Maybe it will help prevent another debut author out there from making the same mistake.
Since publishing my debut novel in May 2015, I've had a lot of people ask if I regret going the indie route.
The answer is a resounding NO.
I love the fact that I maintained creative control of every aspect of the process. I love that the only pressure I have to publish again is the pressure I put on myself. I love that I get to set the price and can decide on a whim to have a sale.
The lingering stigma of being an indie author is sometimes a pain, but it does not outweigh the positives.
To be honest, there's only one regret I have about the release of my debut novel. I'm finally ready to write about it now.
The one regret is my lack of research on and preparation for "The Bang" of release day.
A few years back, I was well on my way to building a solid platform. I regularly blogged at least three times a week. I was part of this incredible blog chain of ambitious authors who were serious about their craft, most of whom went on to be traditionally published and are now fairly well-known in their genres. (Take my word for it, they're an awesome bunch.) I was building a local following on Facebook and just beginning to scratch the surface with Twitter, which was pretty new.
Then life got in the way. This blog and my Twitter account sat idle for a long time.
I'd all but decided not to pursue any sort of publication until a coworker said she had some downtime at her moonlighting job and needed to find something new to read.
Of course, I opened my big mouth: "Hey, Sarah, do you know I wrote a book?"
That led to Sarah ask if she could read my book, which led to her lobbying for my book to be published as a serial on the newspaper's website, which led to me getting punched in the arm and getting called a not-so-nice name by the newspaper's ad director after she read Chapter 11.
What can I say? I'm a heartless bitch who likes plot twists that piss people off.
It was encouraging to see two people become so excited about the story, but it was terrifying to think about the next step they were urging me to take.
My book? Out there for the world to see? What if people hate it? What if I suffer in comparison to other authors?
I spent a lot of time in prayerful consideration about the offer to publish as a serial and on other platforms. After all, "Long Road" was my baby. It's the story I had slaved over for years; the story I poured my heart and soul into. Was this how I wanted to send it out into the world?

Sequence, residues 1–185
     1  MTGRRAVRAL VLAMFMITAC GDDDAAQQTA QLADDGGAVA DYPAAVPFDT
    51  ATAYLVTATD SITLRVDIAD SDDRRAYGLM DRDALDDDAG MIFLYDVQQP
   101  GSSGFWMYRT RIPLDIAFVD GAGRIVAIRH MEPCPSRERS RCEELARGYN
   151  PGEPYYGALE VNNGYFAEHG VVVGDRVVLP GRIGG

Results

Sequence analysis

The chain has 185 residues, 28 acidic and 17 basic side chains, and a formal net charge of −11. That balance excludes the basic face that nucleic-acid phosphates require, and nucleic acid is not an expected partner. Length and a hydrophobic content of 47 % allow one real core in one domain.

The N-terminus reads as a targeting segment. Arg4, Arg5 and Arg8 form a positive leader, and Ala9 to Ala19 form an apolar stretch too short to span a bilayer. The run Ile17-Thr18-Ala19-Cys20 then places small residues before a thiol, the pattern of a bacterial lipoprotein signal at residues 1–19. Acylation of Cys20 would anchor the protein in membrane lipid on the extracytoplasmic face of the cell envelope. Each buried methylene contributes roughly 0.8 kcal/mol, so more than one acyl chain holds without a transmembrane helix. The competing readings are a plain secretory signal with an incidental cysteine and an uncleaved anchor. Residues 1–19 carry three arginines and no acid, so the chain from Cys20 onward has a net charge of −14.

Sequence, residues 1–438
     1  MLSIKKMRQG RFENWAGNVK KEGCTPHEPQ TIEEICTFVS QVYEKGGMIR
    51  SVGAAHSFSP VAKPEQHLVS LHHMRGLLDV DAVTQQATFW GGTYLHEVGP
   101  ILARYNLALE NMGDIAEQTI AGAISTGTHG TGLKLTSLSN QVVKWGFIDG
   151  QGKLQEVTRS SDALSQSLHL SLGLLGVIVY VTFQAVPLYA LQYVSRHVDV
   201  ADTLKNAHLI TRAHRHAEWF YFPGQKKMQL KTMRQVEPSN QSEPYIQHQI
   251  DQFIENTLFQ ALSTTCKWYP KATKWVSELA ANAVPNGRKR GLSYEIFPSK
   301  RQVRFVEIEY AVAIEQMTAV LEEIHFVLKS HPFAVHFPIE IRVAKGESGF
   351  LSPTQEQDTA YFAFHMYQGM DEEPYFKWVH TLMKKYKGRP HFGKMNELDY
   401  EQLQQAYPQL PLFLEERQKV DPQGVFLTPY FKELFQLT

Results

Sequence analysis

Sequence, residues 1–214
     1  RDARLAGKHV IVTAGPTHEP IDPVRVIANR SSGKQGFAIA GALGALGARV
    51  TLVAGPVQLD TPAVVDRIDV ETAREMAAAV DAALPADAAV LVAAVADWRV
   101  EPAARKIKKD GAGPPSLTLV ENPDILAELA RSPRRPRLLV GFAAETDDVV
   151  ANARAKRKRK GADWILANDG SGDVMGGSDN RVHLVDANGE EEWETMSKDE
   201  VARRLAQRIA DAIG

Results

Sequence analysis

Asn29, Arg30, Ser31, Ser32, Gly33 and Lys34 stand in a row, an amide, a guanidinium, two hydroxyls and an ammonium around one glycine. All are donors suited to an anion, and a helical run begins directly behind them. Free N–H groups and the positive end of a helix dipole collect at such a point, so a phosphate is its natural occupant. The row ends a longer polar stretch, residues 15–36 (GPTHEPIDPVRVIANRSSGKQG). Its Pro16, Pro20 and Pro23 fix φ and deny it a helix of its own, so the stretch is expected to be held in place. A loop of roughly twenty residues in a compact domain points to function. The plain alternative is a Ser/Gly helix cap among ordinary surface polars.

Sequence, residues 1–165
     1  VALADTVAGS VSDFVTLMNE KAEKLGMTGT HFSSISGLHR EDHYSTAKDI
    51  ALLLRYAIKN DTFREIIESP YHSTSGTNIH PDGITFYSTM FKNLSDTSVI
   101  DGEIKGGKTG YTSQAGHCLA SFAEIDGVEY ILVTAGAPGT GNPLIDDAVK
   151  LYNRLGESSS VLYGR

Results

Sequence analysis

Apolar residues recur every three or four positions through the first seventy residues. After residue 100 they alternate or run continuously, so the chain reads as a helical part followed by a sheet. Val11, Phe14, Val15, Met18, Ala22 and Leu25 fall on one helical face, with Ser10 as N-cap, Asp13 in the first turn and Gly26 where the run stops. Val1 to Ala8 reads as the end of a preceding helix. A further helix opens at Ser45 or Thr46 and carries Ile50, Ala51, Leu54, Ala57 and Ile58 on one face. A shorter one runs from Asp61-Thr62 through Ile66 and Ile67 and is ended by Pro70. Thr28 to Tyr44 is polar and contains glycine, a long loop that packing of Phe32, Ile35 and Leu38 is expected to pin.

When I finally decided it was time, I had about four weeks to pull everything together. Final readings. Cover development. Formatting. Proofing. Everything that goes into getting a book ready for its big day.
Everything, that is, except plans for the big day itself.
I didn't send out ARCs. I didn't contact book bloggers. I didn't grovel at the virtual feet of book reviewers. I didn't rejoin any online writing groups prior to the release date. I didn't do any pre-sale advertising. I didn't plan any appearances.
I'm not complaining. Really, I'm not.
Considering the serial was regularly one of the most viewed sections on a site that serves as a news hub for a 22-county area of Nebraska and I generated sales and readership across the country from that, I don't think I can complain.
But part of me -- the same part that wonders if I'll ever publish anymore fiction -- can't help but wonder what would've happened if I'd have had a more solid platform established and a better gameplan set for the day I hit "publish."
They say hindsight is always 20/20. My only regret about "Long Road" is I wish I would've at least squinted to gain better foresight when it came to creating a pre-publishing buzz.
Live and learn. Better luck next time. (Assuming there is a next time.)
Get your FREE copy of "The Long Road To Heaven" on Amazon for Kindle now through Saturday, March 12, or enter the Goodread Giveaway.